Ankara condemns ‘heinous terrorist attack’ in Nice, offers ‘condolences’ to France in break from Erdogan-Macron spat
The French government has now placed the country on high alert after a slew of incidents on Thursday.
A man and two women were killed in a terror attack in Nice, while police shot an attacker in Avignon who had shouted “Allahu Akbar.” A man in possession of a 30cm knife was arrested near a train station in Lyon, while another knife-wielding man was arrested near a church in Sartrouville.
A wave of condolences and support has poured in for France from around the world.
The Turkish Foreign Ministry said the country stands in solidarity with the French people against terrorism and violence.
There is no excuse to take someone's life that would legitimize violence. It is clear that the ones who commit such a violent act in a holy place have no respect for any humanitarian, religious, or moral values.
Turkish Presidential spokesperson Ibrahim Kalin also condemned what he described as a “heinous terrorist attack,” and said his country offered its “condolences to the French people.”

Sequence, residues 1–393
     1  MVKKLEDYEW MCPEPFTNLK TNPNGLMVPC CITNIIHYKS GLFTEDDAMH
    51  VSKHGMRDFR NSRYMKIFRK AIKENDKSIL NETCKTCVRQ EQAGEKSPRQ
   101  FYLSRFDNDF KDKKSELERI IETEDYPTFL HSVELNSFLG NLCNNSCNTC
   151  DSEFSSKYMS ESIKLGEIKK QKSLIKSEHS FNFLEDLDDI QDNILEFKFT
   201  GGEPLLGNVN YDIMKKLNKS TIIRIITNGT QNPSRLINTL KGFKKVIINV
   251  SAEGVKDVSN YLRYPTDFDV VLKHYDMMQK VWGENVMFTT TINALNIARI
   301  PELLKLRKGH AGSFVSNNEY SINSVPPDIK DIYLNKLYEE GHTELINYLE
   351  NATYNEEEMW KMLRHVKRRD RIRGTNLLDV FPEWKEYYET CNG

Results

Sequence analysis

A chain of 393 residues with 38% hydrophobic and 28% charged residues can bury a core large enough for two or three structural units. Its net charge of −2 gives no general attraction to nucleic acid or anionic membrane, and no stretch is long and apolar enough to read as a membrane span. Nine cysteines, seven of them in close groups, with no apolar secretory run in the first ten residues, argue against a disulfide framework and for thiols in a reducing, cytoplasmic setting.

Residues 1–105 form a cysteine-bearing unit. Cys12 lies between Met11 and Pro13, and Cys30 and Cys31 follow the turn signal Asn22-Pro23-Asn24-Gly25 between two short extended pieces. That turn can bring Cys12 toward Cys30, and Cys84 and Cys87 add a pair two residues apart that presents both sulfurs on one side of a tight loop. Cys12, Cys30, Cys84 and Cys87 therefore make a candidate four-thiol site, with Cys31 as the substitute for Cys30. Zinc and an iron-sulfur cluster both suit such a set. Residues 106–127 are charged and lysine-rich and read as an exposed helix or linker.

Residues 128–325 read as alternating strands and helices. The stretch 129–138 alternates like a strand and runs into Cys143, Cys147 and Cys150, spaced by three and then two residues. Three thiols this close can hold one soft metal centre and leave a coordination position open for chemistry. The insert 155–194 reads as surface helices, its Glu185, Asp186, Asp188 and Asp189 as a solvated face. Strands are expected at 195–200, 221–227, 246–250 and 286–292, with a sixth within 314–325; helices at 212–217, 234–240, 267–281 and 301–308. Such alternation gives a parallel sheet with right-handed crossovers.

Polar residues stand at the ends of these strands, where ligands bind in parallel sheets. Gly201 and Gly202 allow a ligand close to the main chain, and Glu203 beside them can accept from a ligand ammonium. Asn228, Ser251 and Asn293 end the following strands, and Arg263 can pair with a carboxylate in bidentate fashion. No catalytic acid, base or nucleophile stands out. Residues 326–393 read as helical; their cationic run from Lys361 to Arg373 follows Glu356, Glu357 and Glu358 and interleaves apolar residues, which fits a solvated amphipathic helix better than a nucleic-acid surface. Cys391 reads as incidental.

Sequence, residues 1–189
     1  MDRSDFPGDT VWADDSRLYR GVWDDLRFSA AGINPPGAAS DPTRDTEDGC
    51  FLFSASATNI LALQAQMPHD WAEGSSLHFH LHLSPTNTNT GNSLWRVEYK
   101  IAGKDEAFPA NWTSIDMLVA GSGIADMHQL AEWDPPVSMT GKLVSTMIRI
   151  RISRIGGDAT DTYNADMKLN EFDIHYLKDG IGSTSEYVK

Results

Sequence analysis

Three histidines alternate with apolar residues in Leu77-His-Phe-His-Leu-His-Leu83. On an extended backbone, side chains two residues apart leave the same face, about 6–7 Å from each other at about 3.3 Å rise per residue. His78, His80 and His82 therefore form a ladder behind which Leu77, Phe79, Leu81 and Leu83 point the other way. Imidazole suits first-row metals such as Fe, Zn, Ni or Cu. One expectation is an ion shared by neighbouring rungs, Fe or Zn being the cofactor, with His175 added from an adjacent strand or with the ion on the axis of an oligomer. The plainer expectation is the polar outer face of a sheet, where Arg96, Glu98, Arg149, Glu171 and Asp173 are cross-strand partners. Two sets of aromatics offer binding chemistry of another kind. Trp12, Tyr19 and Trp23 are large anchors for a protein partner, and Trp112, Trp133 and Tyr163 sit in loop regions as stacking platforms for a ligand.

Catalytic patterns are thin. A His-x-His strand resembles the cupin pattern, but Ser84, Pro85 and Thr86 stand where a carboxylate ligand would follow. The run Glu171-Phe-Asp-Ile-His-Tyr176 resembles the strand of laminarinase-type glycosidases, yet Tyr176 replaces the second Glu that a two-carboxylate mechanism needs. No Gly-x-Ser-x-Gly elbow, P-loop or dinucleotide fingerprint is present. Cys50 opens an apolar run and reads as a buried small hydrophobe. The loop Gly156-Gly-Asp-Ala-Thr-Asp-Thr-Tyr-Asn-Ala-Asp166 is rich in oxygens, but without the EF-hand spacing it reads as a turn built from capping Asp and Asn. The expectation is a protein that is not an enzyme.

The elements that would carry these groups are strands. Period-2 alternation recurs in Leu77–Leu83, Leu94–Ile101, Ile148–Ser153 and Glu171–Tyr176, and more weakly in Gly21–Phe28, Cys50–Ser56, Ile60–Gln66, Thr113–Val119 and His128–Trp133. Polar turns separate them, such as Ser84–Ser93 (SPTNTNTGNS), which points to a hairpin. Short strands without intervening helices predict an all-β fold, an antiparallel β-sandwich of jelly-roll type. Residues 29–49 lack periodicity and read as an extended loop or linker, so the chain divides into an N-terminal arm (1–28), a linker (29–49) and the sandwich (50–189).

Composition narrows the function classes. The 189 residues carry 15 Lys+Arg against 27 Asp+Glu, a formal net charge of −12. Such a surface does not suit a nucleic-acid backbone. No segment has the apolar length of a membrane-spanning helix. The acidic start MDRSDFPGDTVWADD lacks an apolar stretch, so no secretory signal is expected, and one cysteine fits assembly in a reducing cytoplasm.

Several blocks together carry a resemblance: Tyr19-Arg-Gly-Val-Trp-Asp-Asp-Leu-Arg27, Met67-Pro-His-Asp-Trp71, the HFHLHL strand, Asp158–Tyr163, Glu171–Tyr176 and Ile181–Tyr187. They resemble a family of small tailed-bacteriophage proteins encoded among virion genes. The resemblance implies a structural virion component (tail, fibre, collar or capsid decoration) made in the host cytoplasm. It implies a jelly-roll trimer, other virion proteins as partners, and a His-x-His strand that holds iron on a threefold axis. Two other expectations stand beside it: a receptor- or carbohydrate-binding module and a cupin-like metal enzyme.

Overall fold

Ankara's message of solidarity on Thursday marked a break from the fierce rhetoric exchanged between French President Emmanuel Macron and his Turkish counterpart Recep Tayyip Erdogan over the past two weeks.
The pair have sparred after the beheading of French teacher Samuel Paty on October 16 on the outskirts of Paris, with Erdogan angry at Macron and other Western leaders for their perceived “anti-Muslim” stance in the aftermath.Also on rt.com Attack in Nice carried out by ‘Islamist terrorist’, Macron says, ordering troops to patrol churches & schools in France (VIDEO)
Other world leaders also offered their support to France in the wake of the stabbing, including UK Prime Minister Boris Johnson, who said Britain stood “steadfast” in the face of the “barbaric attack.”
Saudi Arabia's Foreign Ministry also condemned the attack, in a statement that said “extremist actions” are “incompatible with all religions and human beliefs.”
Addressing his “French friends,” Dutch Prime Minister Mark Rutte said: “You are not alone in the fight against extremism. The Netherlands is next to you.”
European Commission President Ursula von der Leyen condemned the “hideous and brutal attack,” saying, “We are united and determined in the face of fanaticism and barbarism.”
The Pope called on the French people to “respond in a united way to evil with good,” and Vatican spokesperson Matteo Bruni said: “Terrorism and violence can never be accepted.”
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